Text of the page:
Mental Health Supports in School

Students with exceptionalities, particularly mental health challenges, may have difficulty thriving in a traditional school setting. Without access to intensive mental health supports in school, students may struggle to balance their emotional well-being with the pressures of school and social circles.

According to the National Institute for Mental Health1, one (1) in five (5) children ages 13 to 18 will be or have already been diagnosed with a serious mental illness.

School-Based Partial Hospitalization Programs were designed to meet the needs of students facing significant mental health challenges while in school. These programs improve access to supports for students whose families are faced with the obstacles that seeking outpatient intensive mental health services can pose.

Partial Hospitalization Program

At the Watson Institute’s Friendship Academy, we provide specialized educational programming with integrated mental health treatment through the Partial Hospitalization program for students who need intensive mental health supports.

Friendship Academy employs psychiatrists and mental health therapists on-site to provide students with immediate access to mental health supports while they are in school. Classroom therapists provide behavioral coaching to students as they navigate their school day.

Our Partial Hospitalization program is highly effective at helping students manage their mental health needs, and we have a consistently high success rate of helping students transition back to their home school districts once they have achieved stability.

Impact of COVID-19 on Children’s Mental Health

The COVID-19 pandemic has had a significant impact on the mental health of children and adolescents as they have been forced to adapt in an environment of uncertainty. Studies show that children who have experienced quarantine are five times more likely to require mental health services and suffer from Post-Traumatic Stress Disorder (PTSD).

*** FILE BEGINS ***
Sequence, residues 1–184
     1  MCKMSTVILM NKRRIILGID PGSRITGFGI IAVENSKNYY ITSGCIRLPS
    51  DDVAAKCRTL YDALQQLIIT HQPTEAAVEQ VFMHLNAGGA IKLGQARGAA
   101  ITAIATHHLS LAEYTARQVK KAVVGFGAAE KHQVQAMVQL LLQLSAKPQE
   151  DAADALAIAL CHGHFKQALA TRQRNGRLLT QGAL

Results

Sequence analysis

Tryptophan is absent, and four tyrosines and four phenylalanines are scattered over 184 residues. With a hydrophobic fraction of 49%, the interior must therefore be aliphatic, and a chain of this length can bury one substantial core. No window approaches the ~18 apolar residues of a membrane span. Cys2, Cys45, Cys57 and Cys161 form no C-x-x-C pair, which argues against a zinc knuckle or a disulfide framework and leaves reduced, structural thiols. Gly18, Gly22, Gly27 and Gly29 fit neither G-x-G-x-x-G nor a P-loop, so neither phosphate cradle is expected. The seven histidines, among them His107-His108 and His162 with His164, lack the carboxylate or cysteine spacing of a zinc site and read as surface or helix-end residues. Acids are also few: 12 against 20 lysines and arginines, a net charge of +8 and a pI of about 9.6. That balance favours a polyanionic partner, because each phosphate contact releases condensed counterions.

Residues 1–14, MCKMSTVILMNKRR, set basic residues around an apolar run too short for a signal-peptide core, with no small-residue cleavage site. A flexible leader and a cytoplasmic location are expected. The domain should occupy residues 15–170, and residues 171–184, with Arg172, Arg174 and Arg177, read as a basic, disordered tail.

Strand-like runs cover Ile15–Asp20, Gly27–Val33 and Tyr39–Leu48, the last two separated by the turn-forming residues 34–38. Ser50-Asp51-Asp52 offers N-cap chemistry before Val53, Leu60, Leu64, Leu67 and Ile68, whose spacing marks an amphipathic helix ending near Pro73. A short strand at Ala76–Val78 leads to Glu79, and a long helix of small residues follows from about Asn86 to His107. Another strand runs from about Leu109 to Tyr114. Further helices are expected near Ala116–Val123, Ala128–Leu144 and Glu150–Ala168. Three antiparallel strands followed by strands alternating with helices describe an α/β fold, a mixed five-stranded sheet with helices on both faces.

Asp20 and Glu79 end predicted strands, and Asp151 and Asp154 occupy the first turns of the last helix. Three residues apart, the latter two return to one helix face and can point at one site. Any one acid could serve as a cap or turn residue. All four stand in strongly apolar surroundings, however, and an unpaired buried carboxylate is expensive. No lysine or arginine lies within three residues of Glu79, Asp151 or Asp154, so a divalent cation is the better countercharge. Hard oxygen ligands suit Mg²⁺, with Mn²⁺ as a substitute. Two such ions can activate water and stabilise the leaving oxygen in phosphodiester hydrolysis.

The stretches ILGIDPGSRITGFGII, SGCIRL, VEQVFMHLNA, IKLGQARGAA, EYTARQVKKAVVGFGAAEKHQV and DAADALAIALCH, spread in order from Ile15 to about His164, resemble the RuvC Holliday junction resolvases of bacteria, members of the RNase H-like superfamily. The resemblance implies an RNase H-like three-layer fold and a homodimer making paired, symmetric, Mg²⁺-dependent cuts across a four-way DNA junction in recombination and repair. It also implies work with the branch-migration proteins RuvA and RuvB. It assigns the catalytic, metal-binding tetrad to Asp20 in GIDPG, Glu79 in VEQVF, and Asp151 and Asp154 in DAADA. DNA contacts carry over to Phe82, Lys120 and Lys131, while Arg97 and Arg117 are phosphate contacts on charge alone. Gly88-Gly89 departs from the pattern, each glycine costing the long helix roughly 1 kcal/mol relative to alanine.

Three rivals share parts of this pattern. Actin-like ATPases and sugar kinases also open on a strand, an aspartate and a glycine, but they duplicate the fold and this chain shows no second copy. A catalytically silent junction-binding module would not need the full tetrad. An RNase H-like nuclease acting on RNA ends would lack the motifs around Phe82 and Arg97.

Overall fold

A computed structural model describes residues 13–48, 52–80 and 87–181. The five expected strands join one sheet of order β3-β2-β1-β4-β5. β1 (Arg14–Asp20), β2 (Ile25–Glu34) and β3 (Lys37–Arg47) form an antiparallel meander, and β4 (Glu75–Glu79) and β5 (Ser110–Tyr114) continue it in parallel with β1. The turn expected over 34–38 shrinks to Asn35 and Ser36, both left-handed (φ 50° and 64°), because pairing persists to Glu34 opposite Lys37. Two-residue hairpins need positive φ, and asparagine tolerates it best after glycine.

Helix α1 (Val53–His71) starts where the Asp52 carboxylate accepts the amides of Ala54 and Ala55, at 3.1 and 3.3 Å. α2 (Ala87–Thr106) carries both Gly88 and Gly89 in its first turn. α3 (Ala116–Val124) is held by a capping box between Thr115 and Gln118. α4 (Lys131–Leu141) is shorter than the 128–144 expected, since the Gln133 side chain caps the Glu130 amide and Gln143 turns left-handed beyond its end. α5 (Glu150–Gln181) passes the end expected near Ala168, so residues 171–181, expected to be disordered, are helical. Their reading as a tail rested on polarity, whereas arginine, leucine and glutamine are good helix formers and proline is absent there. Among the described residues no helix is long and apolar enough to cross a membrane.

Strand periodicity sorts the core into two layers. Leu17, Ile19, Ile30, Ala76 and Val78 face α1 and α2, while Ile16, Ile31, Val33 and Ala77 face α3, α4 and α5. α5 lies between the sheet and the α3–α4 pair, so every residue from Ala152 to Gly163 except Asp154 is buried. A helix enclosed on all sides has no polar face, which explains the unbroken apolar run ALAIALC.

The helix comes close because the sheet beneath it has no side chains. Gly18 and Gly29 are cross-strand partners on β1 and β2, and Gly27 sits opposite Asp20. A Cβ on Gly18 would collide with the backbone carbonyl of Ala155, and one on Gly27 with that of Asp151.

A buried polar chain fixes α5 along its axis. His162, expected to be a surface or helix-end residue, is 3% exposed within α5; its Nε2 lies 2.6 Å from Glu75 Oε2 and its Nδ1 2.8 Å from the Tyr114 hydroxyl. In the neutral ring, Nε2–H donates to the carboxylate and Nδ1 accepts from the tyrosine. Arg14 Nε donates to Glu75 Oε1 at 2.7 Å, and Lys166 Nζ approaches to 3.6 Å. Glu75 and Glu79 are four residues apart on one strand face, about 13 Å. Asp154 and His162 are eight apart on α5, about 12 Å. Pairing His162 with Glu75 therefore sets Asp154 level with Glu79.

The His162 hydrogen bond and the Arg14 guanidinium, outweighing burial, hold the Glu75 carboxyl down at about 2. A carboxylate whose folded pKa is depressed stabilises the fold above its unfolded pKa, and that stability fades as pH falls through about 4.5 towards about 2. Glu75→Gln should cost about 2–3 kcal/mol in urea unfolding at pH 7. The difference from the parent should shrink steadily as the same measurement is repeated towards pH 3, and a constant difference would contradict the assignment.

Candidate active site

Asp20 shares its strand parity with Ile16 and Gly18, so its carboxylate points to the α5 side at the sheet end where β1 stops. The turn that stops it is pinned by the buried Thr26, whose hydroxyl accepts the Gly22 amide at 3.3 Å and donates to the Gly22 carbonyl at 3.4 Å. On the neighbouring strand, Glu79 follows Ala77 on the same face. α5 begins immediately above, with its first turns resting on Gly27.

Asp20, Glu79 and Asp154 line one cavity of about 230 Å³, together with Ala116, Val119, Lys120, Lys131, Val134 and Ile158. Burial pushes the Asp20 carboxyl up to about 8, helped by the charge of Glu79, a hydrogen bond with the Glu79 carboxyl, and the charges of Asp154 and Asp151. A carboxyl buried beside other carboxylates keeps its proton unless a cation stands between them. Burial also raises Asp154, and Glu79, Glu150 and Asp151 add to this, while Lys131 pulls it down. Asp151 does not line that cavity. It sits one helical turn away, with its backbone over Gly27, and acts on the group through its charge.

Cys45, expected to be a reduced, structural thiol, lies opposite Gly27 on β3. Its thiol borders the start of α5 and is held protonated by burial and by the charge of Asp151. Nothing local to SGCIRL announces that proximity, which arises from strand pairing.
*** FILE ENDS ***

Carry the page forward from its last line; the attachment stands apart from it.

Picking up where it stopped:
School closures and social isolation put children at a higher risk of self-harm, disordered eating, and negative mental health, and prevent them from accessing necessary psychiatric support and mental health care that they may receive while in school.

Partial Hospitalization programs such as the one at Friendship Academy enable students to access medication management and mental health supports. These psychiatric supports are critical for children, particularly during times of increased stress and uncertainty such as we’ve experienced throughout the pandemic.

Mental Health Challenges in Children: Know the Signs

If you’re wondering whether or not your child or student could benefit from mental health supports, consider these common symptoms exhibited by children who are struggling with their mental health:

  • Extreme outbursts of aggression/excessive mood swings/hopelessness
  • Anxiety which results in stomach aches, headaches, or other physical symptoms
  • Persistent nightmares and lack of sleep/excessive sleep
  • Poor concentration and/or agitation
  • Avoiding formerly enjoyable activities
  • Unusually quiet, sad, or reserved; preoccupied
  • Thoughts or comments about self-harm
  • Significant changes in appetite

Learn more about the Watson Institute’s Friendship Academy and find out if the Partial Hospitalization program could provide your child with the mental health supports they need to thrive in school!

1) National Institute of Mental Health